It may be prudent for seekers to familiarise themselves thoroughly with the group they are interested in joining, including with controversies and complaints made against the group, and to consider the information and any allegations against their own experiences and ethical framework. If a member is aware of allegations beforehand, it is more likely that the individual will make decisions which he or she will be happy with in the long-term, should the controversial behaviour be personally experienced.
Seekers may be well advised to increase their level of involvement with any religious organisation gradually, and to get to know the organisation over a period of time before making significant financial donations, long-term commitments or life-altering decisions such as residential living or monastic ordination.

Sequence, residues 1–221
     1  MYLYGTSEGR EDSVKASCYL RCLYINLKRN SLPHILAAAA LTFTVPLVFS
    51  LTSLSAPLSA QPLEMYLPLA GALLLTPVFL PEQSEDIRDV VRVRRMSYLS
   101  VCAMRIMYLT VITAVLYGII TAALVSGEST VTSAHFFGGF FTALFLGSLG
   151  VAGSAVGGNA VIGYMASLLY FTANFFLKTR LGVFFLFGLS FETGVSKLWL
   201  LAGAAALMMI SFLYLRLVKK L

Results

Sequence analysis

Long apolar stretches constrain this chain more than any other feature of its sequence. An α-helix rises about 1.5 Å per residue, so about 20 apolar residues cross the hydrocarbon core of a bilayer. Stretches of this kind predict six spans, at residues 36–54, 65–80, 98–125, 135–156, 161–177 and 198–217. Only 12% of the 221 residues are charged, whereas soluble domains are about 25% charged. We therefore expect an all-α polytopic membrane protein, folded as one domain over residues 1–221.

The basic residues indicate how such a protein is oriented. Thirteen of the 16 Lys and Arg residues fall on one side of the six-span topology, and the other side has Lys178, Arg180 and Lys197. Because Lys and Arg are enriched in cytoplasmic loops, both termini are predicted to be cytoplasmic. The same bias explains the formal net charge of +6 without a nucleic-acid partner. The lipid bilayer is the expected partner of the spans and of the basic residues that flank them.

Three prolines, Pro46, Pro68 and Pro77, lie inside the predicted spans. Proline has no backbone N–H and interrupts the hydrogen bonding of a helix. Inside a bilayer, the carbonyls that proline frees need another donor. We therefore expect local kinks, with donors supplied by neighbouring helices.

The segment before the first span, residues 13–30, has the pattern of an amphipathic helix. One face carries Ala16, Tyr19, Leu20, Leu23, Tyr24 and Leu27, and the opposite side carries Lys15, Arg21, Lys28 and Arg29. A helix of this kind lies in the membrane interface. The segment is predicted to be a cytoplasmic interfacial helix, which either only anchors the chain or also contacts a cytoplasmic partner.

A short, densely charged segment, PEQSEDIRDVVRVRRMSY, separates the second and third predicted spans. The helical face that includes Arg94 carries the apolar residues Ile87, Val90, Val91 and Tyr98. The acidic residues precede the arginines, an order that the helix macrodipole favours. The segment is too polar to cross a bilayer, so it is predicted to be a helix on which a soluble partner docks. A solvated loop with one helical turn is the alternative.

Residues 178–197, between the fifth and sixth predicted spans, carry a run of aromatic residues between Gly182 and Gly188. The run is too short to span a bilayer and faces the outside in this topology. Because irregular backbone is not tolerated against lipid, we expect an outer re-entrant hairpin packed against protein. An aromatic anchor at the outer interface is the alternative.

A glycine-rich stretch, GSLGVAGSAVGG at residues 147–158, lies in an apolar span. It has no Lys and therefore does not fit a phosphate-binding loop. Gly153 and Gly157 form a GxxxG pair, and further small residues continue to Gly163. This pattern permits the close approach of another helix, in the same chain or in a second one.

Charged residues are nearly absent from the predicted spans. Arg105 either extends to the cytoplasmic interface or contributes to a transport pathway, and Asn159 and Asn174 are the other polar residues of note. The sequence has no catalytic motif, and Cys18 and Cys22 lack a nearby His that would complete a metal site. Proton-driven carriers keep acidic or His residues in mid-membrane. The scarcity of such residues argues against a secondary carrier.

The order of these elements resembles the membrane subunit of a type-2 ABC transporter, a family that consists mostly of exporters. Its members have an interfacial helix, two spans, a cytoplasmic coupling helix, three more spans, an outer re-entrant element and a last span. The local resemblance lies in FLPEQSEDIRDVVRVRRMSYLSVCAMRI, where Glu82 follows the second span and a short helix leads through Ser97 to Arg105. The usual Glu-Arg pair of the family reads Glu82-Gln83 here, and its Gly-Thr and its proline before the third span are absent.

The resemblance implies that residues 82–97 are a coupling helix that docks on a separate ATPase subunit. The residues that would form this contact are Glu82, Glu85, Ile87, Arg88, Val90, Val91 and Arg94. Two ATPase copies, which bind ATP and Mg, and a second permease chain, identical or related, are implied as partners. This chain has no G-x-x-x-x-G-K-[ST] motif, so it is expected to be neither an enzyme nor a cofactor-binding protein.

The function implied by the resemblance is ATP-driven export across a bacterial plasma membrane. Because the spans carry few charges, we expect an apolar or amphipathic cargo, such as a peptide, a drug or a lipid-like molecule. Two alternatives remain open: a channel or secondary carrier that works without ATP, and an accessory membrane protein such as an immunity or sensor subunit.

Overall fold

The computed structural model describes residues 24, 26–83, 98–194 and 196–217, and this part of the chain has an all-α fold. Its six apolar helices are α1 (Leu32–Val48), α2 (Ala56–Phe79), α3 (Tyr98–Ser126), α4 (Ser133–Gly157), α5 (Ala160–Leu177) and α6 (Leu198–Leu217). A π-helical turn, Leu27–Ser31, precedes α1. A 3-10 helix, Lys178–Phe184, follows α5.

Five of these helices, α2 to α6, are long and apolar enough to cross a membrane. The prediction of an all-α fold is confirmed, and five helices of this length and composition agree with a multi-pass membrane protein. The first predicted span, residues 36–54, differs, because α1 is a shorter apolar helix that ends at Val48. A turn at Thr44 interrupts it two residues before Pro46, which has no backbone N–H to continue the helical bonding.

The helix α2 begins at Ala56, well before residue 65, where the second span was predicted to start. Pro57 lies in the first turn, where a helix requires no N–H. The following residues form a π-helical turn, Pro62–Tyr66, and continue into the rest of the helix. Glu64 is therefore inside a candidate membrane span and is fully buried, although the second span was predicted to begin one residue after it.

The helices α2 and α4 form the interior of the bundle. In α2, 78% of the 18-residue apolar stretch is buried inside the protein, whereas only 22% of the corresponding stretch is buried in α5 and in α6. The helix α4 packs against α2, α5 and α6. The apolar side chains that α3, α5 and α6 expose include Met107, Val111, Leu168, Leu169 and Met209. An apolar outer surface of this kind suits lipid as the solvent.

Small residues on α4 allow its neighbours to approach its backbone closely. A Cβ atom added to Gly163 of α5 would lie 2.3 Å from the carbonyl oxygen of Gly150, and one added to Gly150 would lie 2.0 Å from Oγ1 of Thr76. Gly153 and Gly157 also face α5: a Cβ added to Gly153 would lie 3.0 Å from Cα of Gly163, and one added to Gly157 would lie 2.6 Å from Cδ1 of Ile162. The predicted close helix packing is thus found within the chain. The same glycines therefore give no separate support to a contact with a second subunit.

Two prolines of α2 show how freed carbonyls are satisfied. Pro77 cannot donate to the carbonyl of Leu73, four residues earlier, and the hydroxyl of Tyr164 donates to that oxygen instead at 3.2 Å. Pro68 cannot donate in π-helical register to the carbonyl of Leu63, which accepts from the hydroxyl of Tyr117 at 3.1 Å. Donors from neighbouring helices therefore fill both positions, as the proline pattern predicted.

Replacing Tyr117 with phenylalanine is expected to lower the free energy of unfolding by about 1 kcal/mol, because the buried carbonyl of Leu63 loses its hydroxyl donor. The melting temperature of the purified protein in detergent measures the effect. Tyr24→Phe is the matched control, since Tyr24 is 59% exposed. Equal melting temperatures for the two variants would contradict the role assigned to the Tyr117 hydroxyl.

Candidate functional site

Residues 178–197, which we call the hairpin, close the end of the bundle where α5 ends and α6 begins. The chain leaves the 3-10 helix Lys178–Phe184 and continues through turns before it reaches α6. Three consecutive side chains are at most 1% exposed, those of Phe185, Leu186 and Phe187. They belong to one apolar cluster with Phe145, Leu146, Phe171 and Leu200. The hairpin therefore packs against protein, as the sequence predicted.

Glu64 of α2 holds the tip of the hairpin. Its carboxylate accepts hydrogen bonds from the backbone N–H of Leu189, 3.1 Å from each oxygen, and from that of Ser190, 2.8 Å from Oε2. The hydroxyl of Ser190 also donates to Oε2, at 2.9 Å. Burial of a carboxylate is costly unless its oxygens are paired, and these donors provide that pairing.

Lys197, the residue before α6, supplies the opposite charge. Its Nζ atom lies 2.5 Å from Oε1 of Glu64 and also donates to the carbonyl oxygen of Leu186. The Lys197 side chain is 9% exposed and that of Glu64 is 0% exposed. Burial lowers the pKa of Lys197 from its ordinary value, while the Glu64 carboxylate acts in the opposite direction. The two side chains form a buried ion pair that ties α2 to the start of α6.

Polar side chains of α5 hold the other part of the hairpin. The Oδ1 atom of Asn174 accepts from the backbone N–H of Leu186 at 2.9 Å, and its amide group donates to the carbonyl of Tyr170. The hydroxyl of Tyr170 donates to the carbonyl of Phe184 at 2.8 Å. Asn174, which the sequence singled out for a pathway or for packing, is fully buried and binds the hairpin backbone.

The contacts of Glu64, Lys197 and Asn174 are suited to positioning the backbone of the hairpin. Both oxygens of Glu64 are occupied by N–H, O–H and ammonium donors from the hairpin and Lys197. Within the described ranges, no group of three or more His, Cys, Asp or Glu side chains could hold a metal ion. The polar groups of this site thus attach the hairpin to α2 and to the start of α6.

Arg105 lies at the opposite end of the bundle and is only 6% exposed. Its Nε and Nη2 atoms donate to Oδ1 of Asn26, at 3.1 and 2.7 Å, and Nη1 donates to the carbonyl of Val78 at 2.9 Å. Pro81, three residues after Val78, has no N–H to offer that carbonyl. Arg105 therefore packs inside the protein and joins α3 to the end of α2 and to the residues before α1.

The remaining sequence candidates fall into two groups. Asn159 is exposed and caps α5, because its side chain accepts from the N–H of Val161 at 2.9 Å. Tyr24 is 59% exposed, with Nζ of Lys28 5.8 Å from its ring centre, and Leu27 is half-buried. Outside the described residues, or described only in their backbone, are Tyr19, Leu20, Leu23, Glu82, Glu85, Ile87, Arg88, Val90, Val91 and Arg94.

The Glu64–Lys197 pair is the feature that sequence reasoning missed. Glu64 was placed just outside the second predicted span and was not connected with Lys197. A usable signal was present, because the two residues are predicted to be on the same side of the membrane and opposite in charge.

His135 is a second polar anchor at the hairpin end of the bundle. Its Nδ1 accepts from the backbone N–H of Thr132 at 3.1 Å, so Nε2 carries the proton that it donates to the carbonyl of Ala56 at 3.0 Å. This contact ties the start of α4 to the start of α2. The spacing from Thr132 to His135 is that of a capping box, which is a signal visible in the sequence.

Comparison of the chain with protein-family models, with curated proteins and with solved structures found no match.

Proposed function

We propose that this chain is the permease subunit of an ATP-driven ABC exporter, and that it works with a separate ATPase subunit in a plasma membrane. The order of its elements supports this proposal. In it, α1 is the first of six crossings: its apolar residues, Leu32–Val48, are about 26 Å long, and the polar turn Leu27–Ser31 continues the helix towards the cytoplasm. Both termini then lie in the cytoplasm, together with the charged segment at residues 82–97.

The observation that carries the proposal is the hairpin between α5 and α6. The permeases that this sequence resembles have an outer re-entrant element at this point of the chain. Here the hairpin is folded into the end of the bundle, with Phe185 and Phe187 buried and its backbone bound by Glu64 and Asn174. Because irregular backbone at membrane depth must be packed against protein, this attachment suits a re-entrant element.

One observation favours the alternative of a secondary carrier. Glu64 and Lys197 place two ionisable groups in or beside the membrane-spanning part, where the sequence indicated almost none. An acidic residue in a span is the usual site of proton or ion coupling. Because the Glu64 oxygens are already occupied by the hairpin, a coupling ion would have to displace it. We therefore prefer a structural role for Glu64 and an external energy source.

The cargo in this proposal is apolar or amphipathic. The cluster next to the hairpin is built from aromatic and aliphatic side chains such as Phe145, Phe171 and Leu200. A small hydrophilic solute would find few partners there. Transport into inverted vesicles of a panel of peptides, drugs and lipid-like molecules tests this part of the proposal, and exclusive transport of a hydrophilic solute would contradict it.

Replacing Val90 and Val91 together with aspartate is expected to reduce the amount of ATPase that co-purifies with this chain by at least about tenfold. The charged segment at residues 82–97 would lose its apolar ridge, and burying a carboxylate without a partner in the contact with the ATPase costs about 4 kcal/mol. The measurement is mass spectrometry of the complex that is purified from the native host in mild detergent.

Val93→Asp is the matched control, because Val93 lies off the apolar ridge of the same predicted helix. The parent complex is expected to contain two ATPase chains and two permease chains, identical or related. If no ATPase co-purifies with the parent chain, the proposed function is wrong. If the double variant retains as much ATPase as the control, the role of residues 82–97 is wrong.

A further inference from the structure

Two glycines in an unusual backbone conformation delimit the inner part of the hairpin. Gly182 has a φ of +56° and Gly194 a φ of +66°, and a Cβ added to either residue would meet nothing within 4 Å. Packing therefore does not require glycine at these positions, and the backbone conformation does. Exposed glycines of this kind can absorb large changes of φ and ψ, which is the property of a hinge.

Additionally, each individual needs to think about the level of volunteering commitments with which they feel comfortable and make conscious decisions accordingly.
When considering meditation, for instance, some teachers have a great deal of personal experience, while others have much less. It may be helpful for seekers to feel confident with their teacher and their teacher’s response to questions they might have. Meditation techniques are not suitable for everyone at all times in their lives. In particular, research indicates that meditation is unlikely to help those suffering from acute depression or those who have a propensity for psychosis. However, the vast majority of practitioners describe meditation practice as improving their quality of life. See the Inform leaflet on meditation practices for more information.
Maintaining contact with friends and family while exploring a religious group can be beneficial. It is Inform’s experience that converts who maintain regular contact with friends and family outside a religious movement are less likely to make decisions that might cause harm to themselves or others.